To make matters worse employees are being flooded by wellness options as well. Analysts value the consumer wellness industry at $4.2 trillion globally, and it’s growing. Popular categories include personal care, wellness tourism, fitness, mind-body and complementary medicine. Specific products and services range from acupuncture to meditation apps to sound baths to goat yoga. Yes, goat yoga. If you didn’t know, it’s a thing. With all these competing forces, it can be difficult to break through to employees and clearly communicate the value of engaging with your corporate wellness offerings. The truth is, your employees are being distracted and confused on a daily basis.

We are losing sight of what wellness actually means, and that is a dangerous place to be. When the marketers and the business opportunists hijack a hot term like wellness, it can quickly lose its core meaning and its foundational value.

The Easy Button

It’s understandable how overworked and overwhelmed HR departments could be sold on solutions that promise to make things easy. The claims are plentiful, using terms such as turn-key, end-to-end, low admin burden, hands-free, self-serve and plug-and-play. But today’s off-the-shelf wellness solutions can be short on service and low on healthy returns. The tough truth is this. Wellness isn’t easy.

As a society we are addicted to simplification. We will leverage technology and innovation to simplify anything and everything. But just because you simplify something, doesn’t mean you make it easy. You can find simple processes or blueprints for writing a book or building a house. That doesn’t mean it’s easy to accomplish either of those things.

There are no shortcuts when it comes to building effective wellness programs. From clarifying your overall goals to gaining leadership buy in to effective execution and measuring the results of your efforts, wellness is complicated. It requires commitment. It requires blood, sweat and tears. It requires patience and persistence. There is no magic pill, no silver bullet, no turn-key solution that can change this reality.

Take engagement for example. If someone approaches you with THE answer to driving engagement in wellness, you should be very wary. That’s because there is no easy answer for engagement. It requires you to have a deep understanding of what YOUR population wants and needs and what cultural obstacles might be getting in the way.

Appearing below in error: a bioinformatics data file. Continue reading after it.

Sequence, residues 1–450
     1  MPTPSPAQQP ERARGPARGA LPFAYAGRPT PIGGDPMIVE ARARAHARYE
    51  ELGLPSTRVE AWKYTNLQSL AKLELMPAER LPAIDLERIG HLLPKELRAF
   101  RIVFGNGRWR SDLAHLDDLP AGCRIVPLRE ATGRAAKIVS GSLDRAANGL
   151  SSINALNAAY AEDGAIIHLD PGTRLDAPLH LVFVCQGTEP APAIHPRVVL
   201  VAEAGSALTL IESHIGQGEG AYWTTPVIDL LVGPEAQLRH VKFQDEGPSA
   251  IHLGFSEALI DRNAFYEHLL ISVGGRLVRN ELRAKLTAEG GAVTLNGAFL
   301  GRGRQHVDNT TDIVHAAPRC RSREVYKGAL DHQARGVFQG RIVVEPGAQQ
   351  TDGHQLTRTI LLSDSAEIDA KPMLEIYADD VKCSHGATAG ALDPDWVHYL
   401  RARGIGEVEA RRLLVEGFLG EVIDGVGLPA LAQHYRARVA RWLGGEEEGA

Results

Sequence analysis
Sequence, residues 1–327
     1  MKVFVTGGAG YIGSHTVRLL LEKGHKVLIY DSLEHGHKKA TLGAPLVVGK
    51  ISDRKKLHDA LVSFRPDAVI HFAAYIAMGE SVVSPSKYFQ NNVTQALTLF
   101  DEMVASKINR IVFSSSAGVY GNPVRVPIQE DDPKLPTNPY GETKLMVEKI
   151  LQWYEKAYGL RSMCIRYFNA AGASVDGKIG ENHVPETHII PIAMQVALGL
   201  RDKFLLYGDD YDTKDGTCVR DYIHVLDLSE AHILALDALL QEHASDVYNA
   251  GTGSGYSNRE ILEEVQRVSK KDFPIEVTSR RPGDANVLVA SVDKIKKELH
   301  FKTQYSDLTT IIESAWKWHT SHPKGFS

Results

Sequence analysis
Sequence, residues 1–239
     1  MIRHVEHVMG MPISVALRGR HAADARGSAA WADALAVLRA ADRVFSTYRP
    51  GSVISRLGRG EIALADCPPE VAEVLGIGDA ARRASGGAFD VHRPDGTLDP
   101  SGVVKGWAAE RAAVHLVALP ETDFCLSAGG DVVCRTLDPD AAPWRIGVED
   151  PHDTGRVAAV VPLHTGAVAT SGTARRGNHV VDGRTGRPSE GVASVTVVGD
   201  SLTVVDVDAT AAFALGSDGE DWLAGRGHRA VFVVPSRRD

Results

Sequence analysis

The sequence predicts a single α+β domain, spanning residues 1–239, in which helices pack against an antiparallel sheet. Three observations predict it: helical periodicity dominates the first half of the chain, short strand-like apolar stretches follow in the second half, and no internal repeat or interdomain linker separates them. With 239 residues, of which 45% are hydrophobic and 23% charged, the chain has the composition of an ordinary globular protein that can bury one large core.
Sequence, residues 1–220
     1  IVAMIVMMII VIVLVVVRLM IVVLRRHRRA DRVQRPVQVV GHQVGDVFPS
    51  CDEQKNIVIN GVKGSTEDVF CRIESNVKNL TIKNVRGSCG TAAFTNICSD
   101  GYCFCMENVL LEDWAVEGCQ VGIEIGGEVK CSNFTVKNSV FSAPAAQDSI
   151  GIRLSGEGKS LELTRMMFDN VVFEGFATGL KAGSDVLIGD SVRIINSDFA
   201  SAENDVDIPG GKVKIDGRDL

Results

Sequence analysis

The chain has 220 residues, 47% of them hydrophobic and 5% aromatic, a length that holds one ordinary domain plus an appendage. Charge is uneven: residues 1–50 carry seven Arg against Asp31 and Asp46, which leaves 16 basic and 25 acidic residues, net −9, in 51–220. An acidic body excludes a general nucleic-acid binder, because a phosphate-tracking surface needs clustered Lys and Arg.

If “set it and forget it” is a big part of the pitch, it’s only a matter of time before your organization will forget about wellness altogether.

The Measurement Mess

For years, industry experts and researchers have squared off on this topic, some defending the financial value of wellness initiatives, others fervently poking holes in their methodologies and offering credible counterpoint studies to suggest wellness doesn’t actually save money after all. In response to this debate, some employers have simply given up on ROI measurement. Others have chosen to expand their evaluation to a more inclusive view of the benefits wellness can deliver, by measuring the Value on Investment. This means focusing not only on financial returns but also positive impacts on productivity, absenteeism, worker’s compensation, safety, recruitment and retention.  

Many organizations have been burned in the past by vendors who promised unrealistic returns or guaranteed results within unreasonable timeframes. Many organizations have been jaded by vendors who tortured the data until it told the story they wanted it to tell. In other cases, vendors unintentionally misled clients because they were using methodologies that were poorly designed and fatally flawed.

While there have been many “bad actors” and no universally accepted approach, the truth is this. You can measure the impact of your wellness programming. And you should. If your wellness program isn’t measurable, it doesn’t really matter.

It is easy to get sidetracked by the most recent study or the latest headline. At the end of the day, I think we all agree, intellectually, that improving the health of employees results in lower healthcare costs and improved productivity. Measuring that in an indisputable way? That’s another story. And we need to accept the limitations. As an industry, we’ve expended far too much time and energy engaging in the ROI debate. And it has been detrimental to the advancement of wellness programming.

The obvious question. So, what now?

So, I know what you’re thinking. In light of all that’s wrong with wellness, how do you design a program that works? How do you avoid the technology traps? How do you dodge opportunists selling under the label of wellness with no real expertise? How do you avoid buying things you don’t need?